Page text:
The Next Big Thing
Here is an interesting idea. I received this invitation from another poet friend of mine (it’s funny calling her a friend — I have never met her, but we are both from Washington DC, we have worked with the same poetry publishing company, and we follow each other on social media platforms), Bernadette Geyer. She received ten questions from someone she knew and was invited to answer them on her blog, which she did, and sent them to me (and others) to answer on our blog. It’s like a Web letter chain. I like the idea, I am working on a project, and so I chose to participate.
What is your working title of your book (or story)? The Principles of Belonging (Should I keep the “The” in the title or take it out?)
Where did the idea come from for the book? The book’s idea came from my parents and my parents-in-law. They all lived very interesting lives. They were four children whose lives came together despite growing up with large geographical differences (New England, Europe/Singapore, India, Washington DC). One lived through Indian Partition. One had an alcoholic mother. One grew up with an angry father and not only left home for college, but went to a completely different world and culture. One had a father who never spoke to him and a mother who wasn’t there for him. They all in their own ways tried to make sense of their place in the world.
What genre does your book fall under? Poetry, I guess. @Semaphore tells me via Twitter the difference between a book-length poem and a novel in verse is a novel in verse has a word count requirement. I have a book-length poem. I also call it an epic, not in the heroic-kill-them-all way but in the see-their-lives-over-time way.
Which actors would you choose to play your characters in a movie rendition? I of course love thinking about these kinds of things. There are four main characters in the book, and the characters start out as children or teenagers and end up as parents of college students, so it could be tough for all stages of the character’s life to be pulled off by one actor. Also, in all honesty, perhaps complete unknowns would fit the bill. Unknowns can be so much better choices sometimes. That said, I would say the following:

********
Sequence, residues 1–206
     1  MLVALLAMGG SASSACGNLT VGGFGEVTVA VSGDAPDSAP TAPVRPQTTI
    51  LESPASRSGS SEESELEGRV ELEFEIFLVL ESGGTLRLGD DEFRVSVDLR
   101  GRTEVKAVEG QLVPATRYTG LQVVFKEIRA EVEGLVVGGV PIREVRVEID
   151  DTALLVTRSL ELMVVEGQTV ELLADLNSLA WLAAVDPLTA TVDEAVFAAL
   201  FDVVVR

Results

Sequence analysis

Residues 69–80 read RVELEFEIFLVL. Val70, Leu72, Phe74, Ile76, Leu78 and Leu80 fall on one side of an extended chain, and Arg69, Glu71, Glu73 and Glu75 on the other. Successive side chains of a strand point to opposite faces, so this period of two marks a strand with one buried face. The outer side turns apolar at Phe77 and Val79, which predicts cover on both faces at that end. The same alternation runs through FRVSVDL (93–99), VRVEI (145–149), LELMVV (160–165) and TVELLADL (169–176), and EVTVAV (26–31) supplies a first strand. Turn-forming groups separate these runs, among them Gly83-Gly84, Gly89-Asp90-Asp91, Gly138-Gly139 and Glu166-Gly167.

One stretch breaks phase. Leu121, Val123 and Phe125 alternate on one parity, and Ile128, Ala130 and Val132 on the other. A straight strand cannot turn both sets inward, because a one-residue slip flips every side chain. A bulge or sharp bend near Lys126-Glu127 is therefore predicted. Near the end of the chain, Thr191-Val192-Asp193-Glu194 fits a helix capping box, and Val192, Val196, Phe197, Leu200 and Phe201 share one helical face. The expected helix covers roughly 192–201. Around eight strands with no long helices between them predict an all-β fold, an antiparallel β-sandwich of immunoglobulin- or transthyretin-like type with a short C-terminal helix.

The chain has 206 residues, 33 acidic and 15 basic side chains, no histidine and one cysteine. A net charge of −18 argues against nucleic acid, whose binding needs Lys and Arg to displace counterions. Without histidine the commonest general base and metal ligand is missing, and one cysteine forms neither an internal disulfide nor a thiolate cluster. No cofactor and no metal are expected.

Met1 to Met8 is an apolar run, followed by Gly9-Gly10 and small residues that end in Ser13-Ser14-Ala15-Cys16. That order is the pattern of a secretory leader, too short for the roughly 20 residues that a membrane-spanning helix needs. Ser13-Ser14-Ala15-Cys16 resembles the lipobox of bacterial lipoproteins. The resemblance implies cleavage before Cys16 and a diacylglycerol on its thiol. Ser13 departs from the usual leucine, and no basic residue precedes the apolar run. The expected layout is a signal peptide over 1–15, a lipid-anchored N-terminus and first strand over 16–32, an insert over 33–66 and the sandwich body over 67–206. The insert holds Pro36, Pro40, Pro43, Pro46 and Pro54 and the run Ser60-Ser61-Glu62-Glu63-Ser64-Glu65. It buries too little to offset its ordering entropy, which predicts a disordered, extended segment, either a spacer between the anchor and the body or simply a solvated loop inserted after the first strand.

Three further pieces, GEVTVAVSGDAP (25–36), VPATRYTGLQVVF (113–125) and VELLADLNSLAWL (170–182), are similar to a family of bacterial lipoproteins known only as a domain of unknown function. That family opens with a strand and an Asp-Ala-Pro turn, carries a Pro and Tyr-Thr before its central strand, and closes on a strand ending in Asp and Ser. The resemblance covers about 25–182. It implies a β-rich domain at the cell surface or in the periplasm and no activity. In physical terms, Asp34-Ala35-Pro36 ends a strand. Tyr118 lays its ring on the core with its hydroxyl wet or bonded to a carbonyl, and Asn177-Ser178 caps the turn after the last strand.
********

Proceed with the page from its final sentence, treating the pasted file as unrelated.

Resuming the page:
Rick: Leonardo DiCaprio
Doris: Michelle Williams
Deb: Kate Winslet
Gan: ??? I don’t know enough Indian-American actors. But maybe M. Night Shyamalan, if he can act more than just cameos.
And for the two supporting characters,
Lynne: Renee Zellweger
Booker: Christian Slater
Alternate Actress: Claire Danes
Alternate Actor: Jake Gyllenhaal
What is the one-sentence synopsis of your book? Four children’s lives connect as they mature into adults, all of them struggling for a sense of belonging.
Will your book be self-published or represented by an agency? Hopefully it will find a home with a publisher. No agencies in poetry.
How long did it take you to write the first draft of your manuscript? Well, with the way so much of it is written in formal verse, there was really one draft, perfected as it was written. It took me four months of writing, but I had been working on it in my head for fifteen years before I was ready to sit down and commit to the writing.
What other books would you compare this story to within your genre? The closest thing I have is East of Eden by John Steinbeck.
Who or what inspired you to write this book? My parents and in-laws, just by living their amazing lives.
What else about your book might pique the reader’s interest? There are three main parts of the book. In the first part, each of the four main characters has a formal verse style. The styles are Sanskrit, Anglo-Saxon, Blank (Iambic Pentameter) and Cynghanedd (Celtic). The principle for this part is the Gathering Principle. The second part is free verse, some with structure and some with a more unstructured feel. The principle for the second part is The Social Principle. The third part goes back to formal verse — each character gets three sonnets and a sympoe. The principle here is The Reflective Principle. I finally decided to write an epilogue, something I have been tossing back and forth for a year. It is The Culinary Principle, a ballad.